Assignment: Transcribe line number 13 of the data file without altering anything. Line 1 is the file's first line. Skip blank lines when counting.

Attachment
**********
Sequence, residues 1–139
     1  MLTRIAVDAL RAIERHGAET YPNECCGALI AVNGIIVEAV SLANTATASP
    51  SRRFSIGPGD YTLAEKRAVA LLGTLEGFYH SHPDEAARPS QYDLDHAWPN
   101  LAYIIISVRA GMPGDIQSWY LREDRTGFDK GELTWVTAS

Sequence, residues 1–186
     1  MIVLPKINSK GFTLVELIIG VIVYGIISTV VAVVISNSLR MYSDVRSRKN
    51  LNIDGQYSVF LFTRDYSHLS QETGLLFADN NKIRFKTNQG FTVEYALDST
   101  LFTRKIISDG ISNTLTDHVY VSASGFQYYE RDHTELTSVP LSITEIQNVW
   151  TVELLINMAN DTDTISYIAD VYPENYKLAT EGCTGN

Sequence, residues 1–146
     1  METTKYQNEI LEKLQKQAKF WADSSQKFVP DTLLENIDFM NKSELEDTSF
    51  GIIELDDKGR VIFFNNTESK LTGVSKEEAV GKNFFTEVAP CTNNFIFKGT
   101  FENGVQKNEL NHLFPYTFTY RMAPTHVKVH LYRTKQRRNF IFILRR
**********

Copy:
   101  FENGVQKNEL NHLFPYTFTY RMAPTHVKVH LYRTKQRRNF IFILRR